- Buying and renovating a rural property on the Spanish side of the Pyrenees
A couple of pics from a recent late afternoon ride. “Late afternoon” here in Spain during the summer can be anytime between 5pm and 8pm…..
This is half way up a climb a few km’s outside Ainsa . . . . which is in the background.
Into the Badlands . . . .
I’ve posted from this spot before – up through the Old Town, out the back of the Castle and over to the “Mirador” – the viewpoint above the Rio Cinca.
So often when you look north you see heavy weather over on the French side of the Pyrenees.
Posted 1 week ago
Every village in Spain has a Fiesta once a year and this weekend is traditionally the weekend that the village of Guaso, where our Project is, holds its 4 day long Fiesta.
The church on the hilltop in Guaso is called the “Iglesia de San Salvador” (the Church of Saint Salvador) – so San Salvador, which is celebrated on August 6th (when the church celebrates the transfiguration of Jesus) is the Patron Saint of Guaso.
This year there will be a mass on Sunday but, thanks to Covid-19, no street parties, no “Ronda” (where musicians lead the crowd through the sreets of the village), no big open-air sit down evening meal and no dancin’ the night away . . . .
Last year, as you can see, we had a ball!
Posted 3 days ago
Summer is here for sure!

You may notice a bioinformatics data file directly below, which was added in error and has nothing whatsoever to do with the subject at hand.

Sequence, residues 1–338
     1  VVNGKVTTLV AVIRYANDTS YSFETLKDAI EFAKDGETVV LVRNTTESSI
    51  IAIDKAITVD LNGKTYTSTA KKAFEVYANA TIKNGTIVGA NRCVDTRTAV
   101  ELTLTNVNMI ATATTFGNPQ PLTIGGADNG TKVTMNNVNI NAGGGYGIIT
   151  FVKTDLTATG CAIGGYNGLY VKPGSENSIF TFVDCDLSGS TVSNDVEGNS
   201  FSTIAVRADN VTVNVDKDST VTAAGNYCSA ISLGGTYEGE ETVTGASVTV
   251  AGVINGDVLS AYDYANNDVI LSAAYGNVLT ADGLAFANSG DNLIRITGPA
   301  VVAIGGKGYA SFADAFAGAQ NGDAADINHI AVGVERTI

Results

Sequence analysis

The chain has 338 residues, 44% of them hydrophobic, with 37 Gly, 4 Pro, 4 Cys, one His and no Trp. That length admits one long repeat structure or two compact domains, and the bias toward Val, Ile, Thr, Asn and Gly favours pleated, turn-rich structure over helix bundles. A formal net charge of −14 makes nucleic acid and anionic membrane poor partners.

The average daytime temps at the moment hover between 30 and 34 dgrees but we peaked at 37.5 degrees the other afternoon. I believe London had similar temps that day. I know a friend of mine in Oxford had 36 degrees!
Much like when we lived in South Africa, in the summer the mornings up until around 10:30 are perfect for riding. Unlike SA we also get to go out again in the light evenings – between 7:30 and when it gets dark – currently around 9:30pm.
I do love my summer evening rides!Posted 1 day ago
“Working in Spain” – Part 2.
For our first 18 months here, knowing that work was hard to come by at the best of times and being under the impression that the banks would have the financing sorted out for our Project fairly quickly, we didn’t worry about looking for proper jobs at all…….. ah those were the days!
Our plan was always, and still is, to do as much of the renovation work on the Project as possible ourselves – so once the Project build started that was going to be both of our full time jobs – 7 days a week. Once the Project was finshed and the business was up and running, then again, that would be our full time work – and being a B&B/Guesthouse it would also 7 days a week for much of the year. Neither of those scenarios were an issue for us – one thing we’re not scared of is hard work!
During our first months here, while waiting for the council to approve our planning permision and the banks to approve our loan, we actually did lots of “work” but we didn’t have jobs….
I was busy helping my new friends at “Zona Zero” clear and maintain mountain bike trails – work I loved doing – outside in the Pyrenees mountains with great weather and great people. I learned a lot about all local villages and footpaths during that time – Angel often took me to see stuff that you’d never know was there unless someone told you – and I made some good friends too.
We also both did a lot of work helping the previous owners of our Project (and our future neighbours) Ramon & Rosa with jobs around the farm. We helped them with the animals, the grape harvest, planting next years wheat – you name it we did it. Again, good hard work outside in the sunshine with our amazing sights and views – a massive change from what we were used to…..Posted 15 hours ago
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